Abolitionists established the Ohio Anti-Slavery Society in Zanesville at a meeting held in April 1835. Among the organization’s founders were prominent abolitionists like Asa Mahan, John Rankin, Theodore Dwight Weld, and Charles Finney. Many of these men were affiliated with Oberlin College. Other organizers of the society were Quakers from the area near Mount Pleasant, [...]
Oberlin College was the first college to admit women and, in 1835, was the first college to admit African American students. While some southern states were outlawing teaching African Americans to read and write, Oberlin College was graduating bot
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h male and female black students with bachelor’s degrees. One such student to graduate [...]
The Philanthropist was an anti-slavery newspaper first published in Mount Pleasant, Ohio, in September 1817. Its first editor was Charles Osborn. He was a member of the Society of Friends who were often called “Quakers.” Osborn called for an immediate end to slavery. He hoped his paper would educate white Northerners about slavery’s injustice.
The paper [...]
Construction on the Ohio Statehouse began in 1839. And after 22 years, Ohio’s new Capitol Building was completed in 1861 at the beginning of the American Civil War.
Submitted by: Gregg Dodd
For twenty years Levi and Catharine Coffin’s home in Newport, Indiana had been a stop for hundreds of slaves on the Underground Railroad. In 1847 the Coffin’s moved to Cincinnati. Even though the Coffin’s expected to be through with the Underground Railroad, the family quickly became involved with the abolition movement in Cincinnati. The family [...]
The Compromise of 1850 was one of several attempts by both the North and the South to settle differences over slavery’s expansion.
As a result of the Mexican War, the United States acquired most of the present-day American Southwest. The acquisition of this land immediately increased tensions between the North and the South, as the two [...]
By 1850, many Ohioans believed that the time had come to replace the Constitution of 1803. New issues had arisen that the drafters of the first constitution had not foreseen. The Constitution of 1803 had given great power to the Ohio General Assembly. With the exception of the governor, the legislature had the power to [...]
Though much of Uncle Tom’s Cabin was written in Brunswick, Maine, Harriet Beecher Stowe’s inspiration came from listening to stories told by fugitve slaves escaping via the Underground Railroad while living in Cincinnati, Ohio. In 1850 her husband, Calvin Stowe, accepted a position at Bowdoin College and relocated to Maine. It would be the passage [...]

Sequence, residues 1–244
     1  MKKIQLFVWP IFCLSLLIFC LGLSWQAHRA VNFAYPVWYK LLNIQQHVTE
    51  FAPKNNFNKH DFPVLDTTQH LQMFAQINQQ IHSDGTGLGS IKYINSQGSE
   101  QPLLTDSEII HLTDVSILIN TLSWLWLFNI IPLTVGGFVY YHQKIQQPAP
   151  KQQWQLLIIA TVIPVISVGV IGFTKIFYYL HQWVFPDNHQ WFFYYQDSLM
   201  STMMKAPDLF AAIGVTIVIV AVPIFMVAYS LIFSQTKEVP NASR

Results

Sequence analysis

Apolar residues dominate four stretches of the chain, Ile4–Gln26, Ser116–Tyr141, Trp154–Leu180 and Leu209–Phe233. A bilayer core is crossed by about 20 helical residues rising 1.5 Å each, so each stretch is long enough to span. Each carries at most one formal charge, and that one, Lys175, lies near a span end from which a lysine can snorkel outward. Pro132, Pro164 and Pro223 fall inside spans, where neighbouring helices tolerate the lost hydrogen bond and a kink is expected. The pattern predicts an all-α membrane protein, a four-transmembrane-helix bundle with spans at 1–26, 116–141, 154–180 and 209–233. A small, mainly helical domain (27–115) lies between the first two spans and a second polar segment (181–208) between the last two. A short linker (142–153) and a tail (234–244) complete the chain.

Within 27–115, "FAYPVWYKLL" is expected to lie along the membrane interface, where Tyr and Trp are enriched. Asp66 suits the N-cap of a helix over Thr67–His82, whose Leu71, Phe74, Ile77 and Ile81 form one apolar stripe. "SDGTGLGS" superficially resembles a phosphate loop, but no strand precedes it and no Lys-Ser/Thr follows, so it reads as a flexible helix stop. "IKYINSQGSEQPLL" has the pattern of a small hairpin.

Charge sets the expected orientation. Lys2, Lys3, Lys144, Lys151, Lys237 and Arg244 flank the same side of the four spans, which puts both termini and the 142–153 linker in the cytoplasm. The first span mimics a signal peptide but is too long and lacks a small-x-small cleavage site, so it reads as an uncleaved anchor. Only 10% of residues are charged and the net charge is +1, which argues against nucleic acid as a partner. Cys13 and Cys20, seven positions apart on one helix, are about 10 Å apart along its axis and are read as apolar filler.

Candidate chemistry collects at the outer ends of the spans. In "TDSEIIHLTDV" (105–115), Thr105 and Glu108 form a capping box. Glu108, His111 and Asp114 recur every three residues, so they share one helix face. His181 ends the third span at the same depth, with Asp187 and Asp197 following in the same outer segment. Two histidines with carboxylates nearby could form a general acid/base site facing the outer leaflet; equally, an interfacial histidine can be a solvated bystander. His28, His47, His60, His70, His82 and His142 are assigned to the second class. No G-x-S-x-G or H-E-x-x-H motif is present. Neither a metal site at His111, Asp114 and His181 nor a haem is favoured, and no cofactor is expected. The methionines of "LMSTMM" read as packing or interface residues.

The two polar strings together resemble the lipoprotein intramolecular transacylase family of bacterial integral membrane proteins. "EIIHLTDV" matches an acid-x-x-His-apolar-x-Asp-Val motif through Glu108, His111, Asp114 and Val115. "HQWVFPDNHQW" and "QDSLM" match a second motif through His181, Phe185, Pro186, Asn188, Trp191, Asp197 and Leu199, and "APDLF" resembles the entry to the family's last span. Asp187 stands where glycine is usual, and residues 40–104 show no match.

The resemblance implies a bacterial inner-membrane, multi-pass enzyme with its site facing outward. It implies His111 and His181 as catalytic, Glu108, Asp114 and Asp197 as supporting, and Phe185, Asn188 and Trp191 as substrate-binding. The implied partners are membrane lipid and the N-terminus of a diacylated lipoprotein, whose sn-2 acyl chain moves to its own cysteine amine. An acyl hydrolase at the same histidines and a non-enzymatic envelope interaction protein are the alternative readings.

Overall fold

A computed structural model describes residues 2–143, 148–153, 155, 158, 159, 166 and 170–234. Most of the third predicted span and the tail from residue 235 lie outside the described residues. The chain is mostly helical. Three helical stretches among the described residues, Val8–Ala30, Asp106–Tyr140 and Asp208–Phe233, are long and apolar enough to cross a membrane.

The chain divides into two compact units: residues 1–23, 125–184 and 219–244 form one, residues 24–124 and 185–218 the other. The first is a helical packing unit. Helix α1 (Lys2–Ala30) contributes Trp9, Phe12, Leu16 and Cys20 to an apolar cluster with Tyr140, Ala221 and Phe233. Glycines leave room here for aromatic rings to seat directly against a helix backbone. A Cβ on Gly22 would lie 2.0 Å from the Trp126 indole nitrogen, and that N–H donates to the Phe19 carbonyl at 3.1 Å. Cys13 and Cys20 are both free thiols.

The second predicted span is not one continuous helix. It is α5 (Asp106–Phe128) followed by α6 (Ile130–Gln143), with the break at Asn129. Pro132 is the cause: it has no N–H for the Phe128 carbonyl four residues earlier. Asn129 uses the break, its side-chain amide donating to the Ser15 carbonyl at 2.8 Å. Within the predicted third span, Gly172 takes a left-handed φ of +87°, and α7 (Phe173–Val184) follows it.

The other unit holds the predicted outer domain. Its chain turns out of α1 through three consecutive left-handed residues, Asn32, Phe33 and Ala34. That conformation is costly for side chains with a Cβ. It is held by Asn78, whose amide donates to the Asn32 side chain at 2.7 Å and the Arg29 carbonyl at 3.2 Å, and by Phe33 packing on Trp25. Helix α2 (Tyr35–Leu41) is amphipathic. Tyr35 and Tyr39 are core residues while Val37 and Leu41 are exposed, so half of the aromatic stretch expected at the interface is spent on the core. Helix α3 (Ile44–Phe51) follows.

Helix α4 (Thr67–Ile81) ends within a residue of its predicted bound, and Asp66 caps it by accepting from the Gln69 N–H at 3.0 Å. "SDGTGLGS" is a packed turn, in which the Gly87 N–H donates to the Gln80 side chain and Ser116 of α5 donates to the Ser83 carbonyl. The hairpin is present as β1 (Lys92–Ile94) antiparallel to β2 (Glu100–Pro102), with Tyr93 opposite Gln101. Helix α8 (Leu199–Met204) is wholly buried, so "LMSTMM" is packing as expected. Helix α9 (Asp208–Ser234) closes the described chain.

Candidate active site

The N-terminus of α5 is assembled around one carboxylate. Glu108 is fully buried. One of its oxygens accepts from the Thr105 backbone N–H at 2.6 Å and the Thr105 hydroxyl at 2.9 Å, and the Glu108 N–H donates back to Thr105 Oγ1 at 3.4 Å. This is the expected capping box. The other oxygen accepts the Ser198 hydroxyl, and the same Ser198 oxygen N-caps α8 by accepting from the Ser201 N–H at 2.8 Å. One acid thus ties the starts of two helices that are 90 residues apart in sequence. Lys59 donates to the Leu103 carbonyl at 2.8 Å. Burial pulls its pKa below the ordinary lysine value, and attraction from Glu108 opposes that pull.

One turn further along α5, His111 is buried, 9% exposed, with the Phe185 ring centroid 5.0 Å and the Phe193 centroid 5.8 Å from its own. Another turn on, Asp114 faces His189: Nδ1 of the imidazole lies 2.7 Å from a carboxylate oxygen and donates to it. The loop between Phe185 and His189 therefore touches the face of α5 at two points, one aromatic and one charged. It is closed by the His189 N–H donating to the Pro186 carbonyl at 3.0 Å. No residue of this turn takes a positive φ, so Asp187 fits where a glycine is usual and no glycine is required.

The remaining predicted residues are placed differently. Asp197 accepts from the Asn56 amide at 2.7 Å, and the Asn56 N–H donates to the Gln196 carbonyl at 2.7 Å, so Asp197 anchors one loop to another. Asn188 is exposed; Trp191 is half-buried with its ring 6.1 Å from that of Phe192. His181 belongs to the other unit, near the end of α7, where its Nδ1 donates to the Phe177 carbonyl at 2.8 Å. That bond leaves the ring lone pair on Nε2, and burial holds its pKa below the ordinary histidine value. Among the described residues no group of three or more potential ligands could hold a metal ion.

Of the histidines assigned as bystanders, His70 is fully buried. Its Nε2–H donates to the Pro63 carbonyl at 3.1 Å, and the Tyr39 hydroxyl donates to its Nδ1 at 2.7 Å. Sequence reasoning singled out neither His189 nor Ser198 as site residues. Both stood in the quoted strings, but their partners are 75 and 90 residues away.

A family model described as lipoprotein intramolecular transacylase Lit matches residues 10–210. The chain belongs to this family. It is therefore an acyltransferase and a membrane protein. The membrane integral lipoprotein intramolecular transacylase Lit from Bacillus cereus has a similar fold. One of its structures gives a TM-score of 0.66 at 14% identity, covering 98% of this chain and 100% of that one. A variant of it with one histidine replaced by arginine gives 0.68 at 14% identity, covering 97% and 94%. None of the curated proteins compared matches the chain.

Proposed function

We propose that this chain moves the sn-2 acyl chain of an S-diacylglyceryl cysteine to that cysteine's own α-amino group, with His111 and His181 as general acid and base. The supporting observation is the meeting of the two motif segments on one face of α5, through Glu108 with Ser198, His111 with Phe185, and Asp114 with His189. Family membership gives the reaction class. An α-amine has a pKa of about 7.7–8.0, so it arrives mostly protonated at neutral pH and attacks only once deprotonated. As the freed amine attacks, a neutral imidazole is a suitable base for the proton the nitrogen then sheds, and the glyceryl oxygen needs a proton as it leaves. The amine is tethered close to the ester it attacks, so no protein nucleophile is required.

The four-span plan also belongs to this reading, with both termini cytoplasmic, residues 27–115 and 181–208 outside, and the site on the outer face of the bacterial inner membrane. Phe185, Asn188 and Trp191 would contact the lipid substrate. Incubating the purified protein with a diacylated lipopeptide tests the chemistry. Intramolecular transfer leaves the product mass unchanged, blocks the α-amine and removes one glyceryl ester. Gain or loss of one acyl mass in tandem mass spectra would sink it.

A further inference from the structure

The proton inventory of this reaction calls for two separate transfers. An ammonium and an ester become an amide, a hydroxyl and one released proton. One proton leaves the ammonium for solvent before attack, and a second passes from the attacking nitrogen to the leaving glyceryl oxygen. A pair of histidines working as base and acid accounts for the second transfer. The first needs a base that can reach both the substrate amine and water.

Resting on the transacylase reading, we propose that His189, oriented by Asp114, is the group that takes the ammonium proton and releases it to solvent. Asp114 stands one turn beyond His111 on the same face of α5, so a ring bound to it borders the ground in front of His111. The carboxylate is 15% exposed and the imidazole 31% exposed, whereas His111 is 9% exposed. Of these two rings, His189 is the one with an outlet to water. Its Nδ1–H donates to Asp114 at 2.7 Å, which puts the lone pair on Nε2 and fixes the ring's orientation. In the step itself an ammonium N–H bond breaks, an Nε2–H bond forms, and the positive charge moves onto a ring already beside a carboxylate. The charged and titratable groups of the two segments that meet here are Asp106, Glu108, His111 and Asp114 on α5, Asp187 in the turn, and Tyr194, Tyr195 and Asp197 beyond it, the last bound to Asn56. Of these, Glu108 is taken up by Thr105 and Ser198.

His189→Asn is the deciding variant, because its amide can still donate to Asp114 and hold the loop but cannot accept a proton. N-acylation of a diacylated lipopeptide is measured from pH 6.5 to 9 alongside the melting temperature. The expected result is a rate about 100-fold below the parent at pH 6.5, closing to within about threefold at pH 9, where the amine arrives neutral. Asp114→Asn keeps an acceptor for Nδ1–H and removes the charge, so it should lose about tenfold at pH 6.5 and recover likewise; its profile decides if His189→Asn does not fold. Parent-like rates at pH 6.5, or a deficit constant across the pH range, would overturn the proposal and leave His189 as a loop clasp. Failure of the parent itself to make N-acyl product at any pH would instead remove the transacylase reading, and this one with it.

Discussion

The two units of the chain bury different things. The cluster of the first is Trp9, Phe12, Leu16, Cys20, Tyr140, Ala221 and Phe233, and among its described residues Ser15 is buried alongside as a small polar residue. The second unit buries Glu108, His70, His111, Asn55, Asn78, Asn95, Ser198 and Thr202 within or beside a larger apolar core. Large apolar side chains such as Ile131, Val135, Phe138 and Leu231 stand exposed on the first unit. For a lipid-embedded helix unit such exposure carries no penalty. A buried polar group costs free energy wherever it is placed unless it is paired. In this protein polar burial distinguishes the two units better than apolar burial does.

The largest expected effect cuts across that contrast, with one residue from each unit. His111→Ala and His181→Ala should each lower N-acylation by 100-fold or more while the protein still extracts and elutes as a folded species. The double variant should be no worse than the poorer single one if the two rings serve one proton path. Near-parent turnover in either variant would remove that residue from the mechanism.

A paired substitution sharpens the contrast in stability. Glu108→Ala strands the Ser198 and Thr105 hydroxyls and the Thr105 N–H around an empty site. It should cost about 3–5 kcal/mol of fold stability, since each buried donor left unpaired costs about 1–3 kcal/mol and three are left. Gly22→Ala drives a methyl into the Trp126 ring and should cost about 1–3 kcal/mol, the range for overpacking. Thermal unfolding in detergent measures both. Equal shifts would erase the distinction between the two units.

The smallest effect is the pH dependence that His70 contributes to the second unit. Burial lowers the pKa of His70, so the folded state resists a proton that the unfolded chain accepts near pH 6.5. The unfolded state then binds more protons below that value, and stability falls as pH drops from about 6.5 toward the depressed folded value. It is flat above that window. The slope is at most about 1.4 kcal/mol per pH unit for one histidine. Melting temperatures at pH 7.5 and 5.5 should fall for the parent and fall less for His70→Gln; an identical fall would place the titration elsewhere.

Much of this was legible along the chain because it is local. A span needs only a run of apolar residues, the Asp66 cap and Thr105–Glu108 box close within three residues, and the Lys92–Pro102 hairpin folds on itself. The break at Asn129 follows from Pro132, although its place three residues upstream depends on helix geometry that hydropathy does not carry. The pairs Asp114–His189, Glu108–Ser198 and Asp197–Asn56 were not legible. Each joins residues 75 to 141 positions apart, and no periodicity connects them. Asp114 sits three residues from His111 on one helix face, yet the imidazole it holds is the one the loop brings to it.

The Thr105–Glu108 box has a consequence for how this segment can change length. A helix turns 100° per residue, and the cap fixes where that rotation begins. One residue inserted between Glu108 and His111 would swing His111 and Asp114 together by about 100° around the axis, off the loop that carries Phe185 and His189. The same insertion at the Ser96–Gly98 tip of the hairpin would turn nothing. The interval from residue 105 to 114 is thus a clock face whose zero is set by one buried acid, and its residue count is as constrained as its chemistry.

In 1857, the Battle of Lumbarton occurred between federal marshals, who were enforcing the Fugitive Slave Law of 1850, and anti-slavery Ohioans.
Addison White, an escaped slave, set the chain of events in motion that culminated in the Battle of Lumbarton. In 1856, White ran away from Kentucky to Ohio along the Underground Railroad. He eventually [...]
The Oberlin-Wellington Rescue Case of 1858 showed how divided Ohio had become over the issue of slavery.
On September 13, 1858, a federal marshal in Oberlin, Ohio arrested a runaway slave named John Price. Under the Fugitive Slave Law of 1850, the federal government was required to assist slaveholders in reclaiming their runaway slaves. The marshal [...]
Photographic reproduction of a portrait of abolitionist John Brown who lead a raid on the federal arsenal at Harper's Ferry, West Virginia and intended to start a slave revolt, ca. 1855-1859. Ohio Historical Society Collections.
In 1859, abolitionist John Brown was responsible for one of the most important events that led to the American Civil War.
In 1856, Lincoln declared himself a member of the newly established Republican Party. Lincoln’s old party, the Whig Party, had collapsed in the early 1850s. Lincoln acquired a national reputation in 1858. In that year, Lincoln was the Illinois Republican Party’s candidate for the United States Senate. The Democratic Party nominated the incumbent senator, Stephen [...]
On April 15, only days after the bombardment of union occupied Fort Sumter, President Abraham Lincoln issued a call for seventy-five thousand state militiamen to serve for 90 days. Ohio was expected to enlist thirteen regiments of one thousand men each. Two of the regiments were to be sent directly to Washington for defense of [...]
On May 9th, 1861 Union General George B. McClellan moved troops from Ohio into western Virginia to secure the Baltimore and Ohio Railroad after Union northwestern Virginian soldiers became concerned by the increased Confederate military presence and activity on the tracks and stations of the Baltimore and Ohio Railroad, a railroad line near the Mason-Dixon [...]
The American Civil War was one of the greatest conflicts in American history.
The war began on April 12, 1861, with the Battle of Fort Sumter in Charleston, South Carolina. The conflict resulted from tensions between the North and the South, principally over the issues of slavery and its expansion, state’s rights, and regional economic competition. [...]